You Suffered Last Year. Will Uncle Sam Pay You Back?

POTTSTOWN PA – Natural disasters hit the greater Pottstown area pretty hard during 2011. Heavy rains turned the Schuylkill River, Sanatoga Creek and Sprogel’s Run into raging torrents. Much of what was in the water’s path was flooded and damaged. Properties here weren’t the only ones hit, of course: hurricanes soaked other parts of the Atlantic coast, tornadoes wreaked havoc in Southern and Midwestern states, and wildfires hit Texas

Flooding from Hurricane Irene last September in North Coventry

If you were affected by a natural disaster last year, the Pennsylvania Institute of Certified Public Accountants thinks you should be aware of Internal Revenue Service rules on casualty losses, as well as other financial considerations.

What Qualifies for a Deduction?

Under IRS rules, you are allowed to deduct a casualty loss that is the result of a disaster, but related rules serve to significantly whittle down the amount you can deduct.

First, consider what is eligible for the deduction. A casualty loss is the damage, destruction, or loss of property resulting from an identifiable event that is unexpected, sudden, or unusual. Damages from natural disasters – hurricanes, floods, wildfires, and earthquakes, for examples – are casualty losses. Damage to your home or other property caused by something that is not unexpected, sudden, or unusual, such as accidental breakage of items under normal conditions, progressive deterioration occurring naturally over time or due to the failure to maintain the property, does not qualify as a casualty loss.

If you suffered a casualty loss to your home, household goods, or vehicle due to a disaster, you should be eligible to deduct the amount of that loss on your tax return, less required adjustments. (The same is true if you suffer a loss due to a theft.)

How Does the Deduction Work?

According to the IRS, “If your property is personal-use property, or is not completely destroyed, the amount of your casualty or theft loss is the lesser of: The adjusted basis of your property, or the decrease in the fair market value (FMV) as a result of the casualty or theft.”

To determine your adjusted basis, start with the basis of the property. Your basis in the property is usually how much it cost you. Increase or decrease the property’s basis to reflect any improvements made to the property or depreciation deductions you have taken for the property.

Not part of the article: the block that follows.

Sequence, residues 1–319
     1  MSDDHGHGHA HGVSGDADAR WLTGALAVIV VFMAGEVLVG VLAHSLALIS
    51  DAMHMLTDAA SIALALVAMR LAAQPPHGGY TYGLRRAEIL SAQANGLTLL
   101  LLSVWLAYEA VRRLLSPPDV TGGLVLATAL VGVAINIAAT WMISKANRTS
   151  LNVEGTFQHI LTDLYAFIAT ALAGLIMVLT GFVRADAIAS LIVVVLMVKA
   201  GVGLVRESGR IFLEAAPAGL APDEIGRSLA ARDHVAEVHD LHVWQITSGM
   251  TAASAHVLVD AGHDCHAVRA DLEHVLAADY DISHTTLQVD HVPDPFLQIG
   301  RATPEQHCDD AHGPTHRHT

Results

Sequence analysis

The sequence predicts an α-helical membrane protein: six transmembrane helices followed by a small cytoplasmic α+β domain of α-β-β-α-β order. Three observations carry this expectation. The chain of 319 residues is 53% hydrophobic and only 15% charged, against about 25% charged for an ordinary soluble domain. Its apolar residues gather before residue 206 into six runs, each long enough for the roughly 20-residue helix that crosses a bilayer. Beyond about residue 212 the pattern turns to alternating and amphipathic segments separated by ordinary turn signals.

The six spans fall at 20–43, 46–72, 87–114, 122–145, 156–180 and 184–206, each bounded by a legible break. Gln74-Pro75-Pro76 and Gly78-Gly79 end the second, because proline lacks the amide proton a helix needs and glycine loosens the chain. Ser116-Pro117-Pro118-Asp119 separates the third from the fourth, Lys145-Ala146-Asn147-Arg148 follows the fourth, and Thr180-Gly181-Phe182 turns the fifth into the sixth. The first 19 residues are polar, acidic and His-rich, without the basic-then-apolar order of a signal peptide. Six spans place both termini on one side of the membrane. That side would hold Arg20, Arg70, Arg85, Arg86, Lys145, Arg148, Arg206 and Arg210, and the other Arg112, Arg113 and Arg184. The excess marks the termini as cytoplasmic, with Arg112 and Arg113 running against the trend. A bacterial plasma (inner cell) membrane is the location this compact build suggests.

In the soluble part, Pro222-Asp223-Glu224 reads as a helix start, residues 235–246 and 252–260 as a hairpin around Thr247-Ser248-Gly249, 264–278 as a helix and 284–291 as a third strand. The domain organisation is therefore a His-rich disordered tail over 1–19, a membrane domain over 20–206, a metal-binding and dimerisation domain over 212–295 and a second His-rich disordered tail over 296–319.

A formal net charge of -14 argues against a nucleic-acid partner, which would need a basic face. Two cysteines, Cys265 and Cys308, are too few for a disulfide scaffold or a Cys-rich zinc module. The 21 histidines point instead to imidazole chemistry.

The decrease in the FMV used to determine the casualty loss is the difference between the FMV of the property immediately before the casualty and the FMV of the property immediately after the casualty.  The FMV immediately after the casualty frequently is the salvage value of the property.  From the lesser of the adjusted basis of the property or the difference in its FMV, subtract any insurance payment or other reimbursement (such as compensation for the loss from a government or employer relief program). This is your casualty loss.

For example, say flooding heavily damaged a finished basement during a recent hurricane. Several items were destroyed by water damage—a washer and dryer, hot water heater, furnace, some furnishing, the basement walls. The basis in these items—what originally was spent on them—amounts to $10,000. The fair market value of these items was $9,500 before the disaster and $500 after, making the decrease in the FMV $9,000. Because the decrease in the FMV of the items is less than the adjusted basis in them, you must use the decrease in the FMV in your loss calculation. Your insurance covers you for a maximum of $5,000 in damages, leaving you with a $4,000 casualty loss.

Final Steps in the Calculation of the Deduction

Before deducting personal property casualty loss on your tax return, there are some last steps you must take. First, you must subtract $100 from every casualty or theft loss you report each year. That lowers the example amount to $3,900.

More significant, you must subtract 10 percent of your adjusted gross income from the loss amount to arrive at your final deduction.  If your adjusted gross income was, $30,000 last year, you would subtract $3,000—10 percent—from your loss amount to arrive at $900 as your allowable deduction. If your adjusted gross income in the example was $39,000 or higher, that 10 percent would wipe out your allowable deduction altogether.

Other Sources of Help

For those seeking additional relief, it’s important to be aware that organizations such as the Federal Emergency Management Agency (FEMA) often provide funds and services to those affected by disaster. The agency’s guide, “Help After a Disaster,” offers an overview of what’s available. In addition, “Disaster Recovery: A Guide to Financial Issues” – a joint project of the American Institute of CPAs, the American Red Cross, and the National Endowment for Financial Education – answers questions on how to minimize the consequences in the first days, weeks and months after a disaster.

Contact A Certified Public Accountant

If you have experienced casualty losses due to a disaster, or if you have questions on preparing for or dealing with any financial issue,  consult a local CPA. He or she can provide advice to help address a range of financial concerns.